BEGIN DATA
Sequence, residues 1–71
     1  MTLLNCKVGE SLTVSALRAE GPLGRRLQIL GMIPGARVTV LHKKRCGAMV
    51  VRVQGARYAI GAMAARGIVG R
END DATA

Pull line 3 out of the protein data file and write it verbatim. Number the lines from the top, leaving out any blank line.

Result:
    51  VRVQGARYAI GAMAARGIVG R